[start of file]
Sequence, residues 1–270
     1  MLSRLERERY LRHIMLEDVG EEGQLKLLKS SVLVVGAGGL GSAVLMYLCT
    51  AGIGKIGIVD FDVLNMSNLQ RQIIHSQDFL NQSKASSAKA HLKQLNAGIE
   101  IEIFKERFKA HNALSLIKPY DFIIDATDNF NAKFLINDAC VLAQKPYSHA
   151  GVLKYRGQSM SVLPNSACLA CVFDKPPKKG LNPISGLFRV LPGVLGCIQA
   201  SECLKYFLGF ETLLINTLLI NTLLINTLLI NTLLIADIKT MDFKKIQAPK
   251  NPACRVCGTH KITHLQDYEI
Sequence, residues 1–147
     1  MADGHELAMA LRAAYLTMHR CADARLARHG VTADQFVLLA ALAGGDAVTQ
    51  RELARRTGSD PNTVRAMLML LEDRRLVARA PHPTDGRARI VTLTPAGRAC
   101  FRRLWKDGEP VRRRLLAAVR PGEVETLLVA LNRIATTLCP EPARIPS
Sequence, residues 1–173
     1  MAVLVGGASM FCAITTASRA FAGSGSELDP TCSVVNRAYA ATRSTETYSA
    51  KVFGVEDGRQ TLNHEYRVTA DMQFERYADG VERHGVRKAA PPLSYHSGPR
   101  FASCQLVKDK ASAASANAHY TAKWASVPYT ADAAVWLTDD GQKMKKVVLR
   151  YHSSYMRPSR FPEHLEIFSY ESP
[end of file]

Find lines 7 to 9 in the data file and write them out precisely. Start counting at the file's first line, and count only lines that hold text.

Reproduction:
   251  NPACRVCGTH KITHLQDYEI
Sequence, residues 1–147
     1  MADGHELAMA LRAAYLTMHR CADARLARHG VTADQFVLLA ALAGGDAVTQ